• The Sarkaria Commission had drawn attention to Article 263 of the Constitution and recommended that the Inter-State Council visualized in it be instituted. This was done in 1990 through a Presidential order. It has met 12 times in the past 28 years and its Standing Committee chaired by the Union Home Minister has met with greater frequency. In the last meeting of the Council in July 2016 Prime Minister described it as ‘the most significant platform for strengthening Centre-State and Inter-State relations.’ It had on its agenda the recommendations of the Punchhi Commission, the use of Adhar as an identifier for disbursement of subsidies, benefits and public service, improving the quality of school education, and internal security and intelligence coordination for combating terrorism and insurgency, police modernization and police reforms. Its proceedings remain confidential, Its purpose and potential clearly remains under-utilized.

• The question of financial relations between the Centre and States and claims of imbalance is a perennial one. Article 280 of the Constitution mandates the setting up every five years of a Finance Commission to recommend measures and methods on how revenue is to be distributed between Centre and States and the principles for giving out grants-in-aid to States and other local bodies. In the last meeting of the Inter-State Council, PM announced that with the acceptance of the recommendations of the 14th Finance Commission the states share in central taxes has increased from 32 to 42 percent. The terms of reference of the current – 15th Finance Commission – have been criticized by some of the States alleging that these are against the spirit of ‘fiscal federalism’ since the decision to use the census data of 2011 instead of the 1971 data weighs against the States where growth of population has slowed down to below 16% (Kerala, Andhra, Punjab, West Bengal, Orissa, Tamil Nadu, Karnataka) and give undue benefit to some others where it ranges between 20 and 25% (UP, MP, Rajasthan, Bihar, Jharkhand, Chhattisgarh). This has wider implications since over decades and for a variety of reasons the capacity of States to finance both revenue and capital expenditure from their own tax base resources has declined substantially.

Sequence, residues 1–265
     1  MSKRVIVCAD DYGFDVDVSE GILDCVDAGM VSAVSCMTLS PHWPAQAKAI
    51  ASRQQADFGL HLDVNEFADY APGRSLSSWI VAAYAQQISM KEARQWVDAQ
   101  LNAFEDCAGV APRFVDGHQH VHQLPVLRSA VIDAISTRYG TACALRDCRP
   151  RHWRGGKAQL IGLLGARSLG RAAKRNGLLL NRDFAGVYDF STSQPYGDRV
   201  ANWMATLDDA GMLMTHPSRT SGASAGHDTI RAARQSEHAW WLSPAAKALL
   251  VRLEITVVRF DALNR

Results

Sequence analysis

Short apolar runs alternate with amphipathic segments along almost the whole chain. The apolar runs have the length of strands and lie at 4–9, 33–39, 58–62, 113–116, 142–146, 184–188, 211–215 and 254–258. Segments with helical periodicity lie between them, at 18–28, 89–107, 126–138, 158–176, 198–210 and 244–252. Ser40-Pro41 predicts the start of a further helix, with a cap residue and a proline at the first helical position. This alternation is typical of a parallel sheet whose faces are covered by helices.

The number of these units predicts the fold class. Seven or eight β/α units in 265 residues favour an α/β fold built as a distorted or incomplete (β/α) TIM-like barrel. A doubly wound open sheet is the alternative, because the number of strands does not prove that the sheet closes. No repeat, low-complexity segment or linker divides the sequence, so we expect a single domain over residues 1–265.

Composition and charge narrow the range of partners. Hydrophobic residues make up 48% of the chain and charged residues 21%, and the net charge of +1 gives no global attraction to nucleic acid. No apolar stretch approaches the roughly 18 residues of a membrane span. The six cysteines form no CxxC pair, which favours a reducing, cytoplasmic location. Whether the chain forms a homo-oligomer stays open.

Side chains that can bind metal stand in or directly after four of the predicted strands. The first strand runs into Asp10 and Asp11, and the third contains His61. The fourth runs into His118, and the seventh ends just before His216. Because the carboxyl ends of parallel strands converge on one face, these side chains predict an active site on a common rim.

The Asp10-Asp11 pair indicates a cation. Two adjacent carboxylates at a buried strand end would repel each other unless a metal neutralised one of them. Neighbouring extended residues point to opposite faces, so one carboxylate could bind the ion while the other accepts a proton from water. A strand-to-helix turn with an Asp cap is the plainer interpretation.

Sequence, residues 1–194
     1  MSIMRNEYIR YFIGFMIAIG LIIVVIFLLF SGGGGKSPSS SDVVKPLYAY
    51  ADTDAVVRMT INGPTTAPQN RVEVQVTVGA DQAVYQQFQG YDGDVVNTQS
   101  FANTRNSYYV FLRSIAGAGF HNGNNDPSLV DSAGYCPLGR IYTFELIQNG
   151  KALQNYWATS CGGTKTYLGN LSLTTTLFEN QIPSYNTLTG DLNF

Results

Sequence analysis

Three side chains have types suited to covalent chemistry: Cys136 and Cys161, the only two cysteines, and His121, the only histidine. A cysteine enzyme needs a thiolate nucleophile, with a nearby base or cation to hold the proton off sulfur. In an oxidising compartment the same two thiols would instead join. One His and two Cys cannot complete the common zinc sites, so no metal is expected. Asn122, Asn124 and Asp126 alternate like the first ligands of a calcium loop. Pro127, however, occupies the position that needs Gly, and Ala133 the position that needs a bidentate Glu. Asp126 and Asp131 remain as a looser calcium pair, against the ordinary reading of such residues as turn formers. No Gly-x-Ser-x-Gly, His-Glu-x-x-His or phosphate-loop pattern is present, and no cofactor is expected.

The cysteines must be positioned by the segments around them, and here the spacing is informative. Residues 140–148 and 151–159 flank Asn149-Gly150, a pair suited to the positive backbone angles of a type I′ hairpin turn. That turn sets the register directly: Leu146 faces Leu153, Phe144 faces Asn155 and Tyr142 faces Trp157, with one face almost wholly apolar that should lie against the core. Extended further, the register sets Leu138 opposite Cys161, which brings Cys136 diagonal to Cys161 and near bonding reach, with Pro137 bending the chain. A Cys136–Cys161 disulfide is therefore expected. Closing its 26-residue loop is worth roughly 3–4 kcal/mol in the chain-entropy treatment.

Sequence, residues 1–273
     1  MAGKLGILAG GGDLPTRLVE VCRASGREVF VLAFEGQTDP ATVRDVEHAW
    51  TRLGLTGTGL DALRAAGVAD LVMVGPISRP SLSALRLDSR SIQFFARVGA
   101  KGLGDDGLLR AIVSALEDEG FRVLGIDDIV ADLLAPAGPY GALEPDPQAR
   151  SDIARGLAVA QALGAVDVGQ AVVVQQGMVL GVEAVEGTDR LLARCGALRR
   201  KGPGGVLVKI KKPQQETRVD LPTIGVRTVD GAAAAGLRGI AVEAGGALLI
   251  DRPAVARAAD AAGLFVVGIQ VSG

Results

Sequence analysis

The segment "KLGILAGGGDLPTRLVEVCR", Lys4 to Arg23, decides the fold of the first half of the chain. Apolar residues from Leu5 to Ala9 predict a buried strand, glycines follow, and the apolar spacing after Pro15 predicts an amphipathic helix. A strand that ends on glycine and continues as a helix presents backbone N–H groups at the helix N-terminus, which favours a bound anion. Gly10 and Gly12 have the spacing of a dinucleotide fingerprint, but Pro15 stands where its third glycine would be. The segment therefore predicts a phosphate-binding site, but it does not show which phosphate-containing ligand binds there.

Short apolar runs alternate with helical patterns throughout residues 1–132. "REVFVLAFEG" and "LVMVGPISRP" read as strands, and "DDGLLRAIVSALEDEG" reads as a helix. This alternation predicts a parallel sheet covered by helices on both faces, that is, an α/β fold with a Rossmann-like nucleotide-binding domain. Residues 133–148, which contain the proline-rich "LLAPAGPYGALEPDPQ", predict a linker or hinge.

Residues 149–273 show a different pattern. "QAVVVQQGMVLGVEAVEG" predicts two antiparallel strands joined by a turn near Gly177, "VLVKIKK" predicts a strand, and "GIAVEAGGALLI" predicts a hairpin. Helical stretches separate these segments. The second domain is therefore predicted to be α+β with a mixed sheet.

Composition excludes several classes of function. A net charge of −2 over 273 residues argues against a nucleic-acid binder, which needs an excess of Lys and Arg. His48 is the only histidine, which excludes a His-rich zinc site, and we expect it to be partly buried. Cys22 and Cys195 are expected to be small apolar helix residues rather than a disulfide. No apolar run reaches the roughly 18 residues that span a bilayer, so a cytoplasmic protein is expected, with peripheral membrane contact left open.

• Not withstanding its intent, the devolution of authority and financial autonomy to local bodies through the 73rd and 74th Amendments of 1993 has not realized their objective since State governments have been reluctant to implement them. The devolution they seek for themselves from the Centre does not seem to get reflected in the devolution that local bodies should get in terms of the constitutional amendments.

It is clear from the above that (a) discontent with the functioning of our ‘cooperative’ federal structure has existed for several decades and (b) the institutional correctives put in place have not been sufficient. This, in the context of the ground reality of political parties of different persuasion coming to power in the States, has the potential of tensions that would not be conducive for smooth functioning of cooperative federalism and may, in fact, result in unforeseen developments.


The challenge to the polity and to its citizen body is therefore twofold:

• To register the points on stress, examine them objectively in terms of existing realities in the power structure, and
• To factor in the imperatives of the national economy, the unity of the market and the development objectives,

The current state of public and political discourse in the country does add a sense of urgency to the consideration of these questions. The secrecy surrounding the discussions in the Inter-State Council and its Standing Committee on the specific recommendations of the Punchhi Commission leaves room for speculation rather than informed debate on intricate matters like (a) fiscal transfers to States; (b) Goods and Services Tax; and (c) the Centre-State fiscal relations.

An initial point of commencement could be a clear enough definition of cooperative. In formal terms, it was defined by the American scholar A.H. Birch as ‘the practice of administrative cooperation between general and regional governments, the partial dependence of the regional governments, by the use of conditional grants, frequently promote developments in matters which are constitutionally assigned to the regions.’